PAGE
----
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Coverdell Education Savings Accounts

Formerly known as Education IRAs, the Coverdell Education Savings Account is another way for parents to save for elementary, secondary and college education.  The Coverdell is very similar to a Roth IRA.  It allows a non-deductible contribution to a specifically designated investment trust account.  It will grow free of federal income taxes and withdrawals from the account will be completely tax-free as well.

Eligibility Requirements

There are two eligibility requirements to contribute to a Coverdell Education Savings Account:

  1. The beneficiary of the account must be under the age of 18 at the time of the contribution (the beneficiary does not need to be a relative).
  2. The donor’s income must be below $190,000 in modified adjusted gross income ($95,000 for single filers) in order to contribute the maximum of $2,000.  If your combined income is greater than the limit, you may allow your child to make the contribution.


There are several limitations during the years of contribution and withdrawals that make the Coverdell Education Savings Account not as beneficial as other saving devices:

  • You need to be careful that accounts established by other family members for the same beneficiary do not cause the total contribution limit for the beneficiary to exceed $2,000. 
  • The small annual contribution limit is reduced slightly by the small maintenance fee charged by the financial institution.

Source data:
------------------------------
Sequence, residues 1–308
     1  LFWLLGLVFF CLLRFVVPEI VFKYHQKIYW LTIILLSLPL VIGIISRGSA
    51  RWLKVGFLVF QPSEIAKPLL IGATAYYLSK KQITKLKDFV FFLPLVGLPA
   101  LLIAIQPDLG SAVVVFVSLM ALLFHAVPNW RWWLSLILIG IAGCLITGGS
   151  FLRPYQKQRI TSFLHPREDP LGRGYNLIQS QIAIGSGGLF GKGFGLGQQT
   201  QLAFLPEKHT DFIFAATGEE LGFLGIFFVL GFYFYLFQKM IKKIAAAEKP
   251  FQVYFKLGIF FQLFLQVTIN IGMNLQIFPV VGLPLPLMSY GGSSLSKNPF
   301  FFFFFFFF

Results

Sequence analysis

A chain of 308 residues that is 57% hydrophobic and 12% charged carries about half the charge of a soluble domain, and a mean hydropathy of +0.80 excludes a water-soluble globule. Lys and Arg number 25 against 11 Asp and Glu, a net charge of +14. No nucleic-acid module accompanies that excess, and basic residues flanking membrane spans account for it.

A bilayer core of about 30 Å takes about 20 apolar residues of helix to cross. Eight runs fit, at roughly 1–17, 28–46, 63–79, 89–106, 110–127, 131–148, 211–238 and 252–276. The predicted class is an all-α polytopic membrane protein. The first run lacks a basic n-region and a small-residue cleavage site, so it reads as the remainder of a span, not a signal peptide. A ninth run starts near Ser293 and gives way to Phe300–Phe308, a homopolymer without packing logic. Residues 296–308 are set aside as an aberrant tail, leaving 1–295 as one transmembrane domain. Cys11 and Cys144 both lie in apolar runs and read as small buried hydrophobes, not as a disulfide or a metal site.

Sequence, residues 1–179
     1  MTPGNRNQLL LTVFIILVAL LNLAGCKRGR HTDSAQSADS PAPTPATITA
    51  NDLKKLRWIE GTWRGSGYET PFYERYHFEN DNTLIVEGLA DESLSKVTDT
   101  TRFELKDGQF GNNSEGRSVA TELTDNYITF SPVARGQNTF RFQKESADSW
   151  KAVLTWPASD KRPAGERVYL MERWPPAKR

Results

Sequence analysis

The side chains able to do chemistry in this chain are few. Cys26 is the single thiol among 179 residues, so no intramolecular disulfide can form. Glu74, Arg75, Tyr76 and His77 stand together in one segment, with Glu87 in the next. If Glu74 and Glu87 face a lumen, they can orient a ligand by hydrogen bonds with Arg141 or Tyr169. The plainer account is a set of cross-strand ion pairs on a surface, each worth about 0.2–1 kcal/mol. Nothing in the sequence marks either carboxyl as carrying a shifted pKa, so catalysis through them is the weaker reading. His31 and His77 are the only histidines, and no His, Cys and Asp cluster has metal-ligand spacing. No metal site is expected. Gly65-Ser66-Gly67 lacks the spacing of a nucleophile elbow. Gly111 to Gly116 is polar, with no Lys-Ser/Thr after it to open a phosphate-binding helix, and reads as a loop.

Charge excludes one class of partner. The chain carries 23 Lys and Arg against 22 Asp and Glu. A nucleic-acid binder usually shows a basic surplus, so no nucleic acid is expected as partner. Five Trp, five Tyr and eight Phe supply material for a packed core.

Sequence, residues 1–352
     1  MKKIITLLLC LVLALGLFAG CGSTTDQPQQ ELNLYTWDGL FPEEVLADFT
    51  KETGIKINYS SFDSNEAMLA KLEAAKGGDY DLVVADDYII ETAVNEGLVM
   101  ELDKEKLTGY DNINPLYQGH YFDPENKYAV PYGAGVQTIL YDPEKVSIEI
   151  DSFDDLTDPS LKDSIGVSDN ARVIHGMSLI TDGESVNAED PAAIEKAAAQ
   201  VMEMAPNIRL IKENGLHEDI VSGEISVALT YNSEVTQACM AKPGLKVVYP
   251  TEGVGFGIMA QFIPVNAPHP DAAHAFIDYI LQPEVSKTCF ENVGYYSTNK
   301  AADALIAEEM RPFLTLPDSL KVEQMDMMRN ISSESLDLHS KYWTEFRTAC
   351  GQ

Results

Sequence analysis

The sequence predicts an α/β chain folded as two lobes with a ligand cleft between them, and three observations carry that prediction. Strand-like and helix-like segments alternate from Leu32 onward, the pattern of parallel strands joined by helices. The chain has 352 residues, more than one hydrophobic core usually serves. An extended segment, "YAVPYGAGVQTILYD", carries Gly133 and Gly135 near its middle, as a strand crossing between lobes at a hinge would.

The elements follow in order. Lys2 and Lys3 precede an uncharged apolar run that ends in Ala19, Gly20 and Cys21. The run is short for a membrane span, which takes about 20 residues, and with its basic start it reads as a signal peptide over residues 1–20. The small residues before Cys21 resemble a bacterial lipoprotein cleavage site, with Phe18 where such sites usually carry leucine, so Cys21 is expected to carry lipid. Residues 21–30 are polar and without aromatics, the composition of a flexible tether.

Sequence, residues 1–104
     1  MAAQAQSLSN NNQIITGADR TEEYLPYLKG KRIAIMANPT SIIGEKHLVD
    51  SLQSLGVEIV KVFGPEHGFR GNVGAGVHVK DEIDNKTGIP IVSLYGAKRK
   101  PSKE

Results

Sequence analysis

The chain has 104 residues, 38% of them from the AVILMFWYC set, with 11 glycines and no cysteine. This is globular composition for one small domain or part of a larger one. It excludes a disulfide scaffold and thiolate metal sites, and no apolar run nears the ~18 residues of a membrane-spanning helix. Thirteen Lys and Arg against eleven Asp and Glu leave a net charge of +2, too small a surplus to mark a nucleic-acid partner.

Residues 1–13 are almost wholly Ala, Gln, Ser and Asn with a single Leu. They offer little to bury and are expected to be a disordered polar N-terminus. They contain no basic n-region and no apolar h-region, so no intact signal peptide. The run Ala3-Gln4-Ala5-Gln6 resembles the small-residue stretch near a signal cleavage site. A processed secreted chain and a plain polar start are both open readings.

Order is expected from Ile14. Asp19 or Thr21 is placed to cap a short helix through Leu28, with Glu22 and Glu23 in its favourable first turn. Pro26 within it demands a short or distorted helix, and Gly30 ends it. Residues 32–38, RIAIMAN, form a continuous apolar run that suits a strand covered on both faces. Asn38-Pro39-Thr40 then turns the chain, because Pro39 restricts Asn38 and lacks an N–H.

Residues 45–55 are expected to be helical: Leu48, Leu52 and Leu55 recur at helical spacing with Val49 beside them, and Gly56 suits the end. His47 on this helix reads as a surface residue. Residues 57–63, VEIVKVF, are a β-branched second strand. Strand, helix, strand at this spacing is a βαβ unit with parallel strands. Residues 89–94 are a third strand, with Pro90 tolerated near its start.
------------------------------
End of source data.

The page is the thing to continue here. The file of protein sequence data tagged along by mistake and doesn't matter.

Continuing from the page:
• The account will ultimately go to your child if not used for college.
    • Unlike the 529 plan, you do not have control.
  • A Coverdell account has a harmful effect on a student’s ability to receive financial aid.
    • The account is seen as a child’s asset, not the parent’s.
    •  Also, the withdrawal is seen as income, which reduces the amount of financial aid the student will receive the following year.
  • The funds must be fully withdrawn by the time the beneficiary reaches age 30 or it will be subject to tax and penalties.
  • Coordinating withdrawals with other tax benefits, such as the Hope or Lifetime Learning Credits can be tricky.  This is true with the 529 plans as well.
  • There are some age restrictions, so older people with college plans may not find this a beneficial saving tool.

We’ll help you determine whether the Coverdell Savings Account is the best tool to save for your child’s education.

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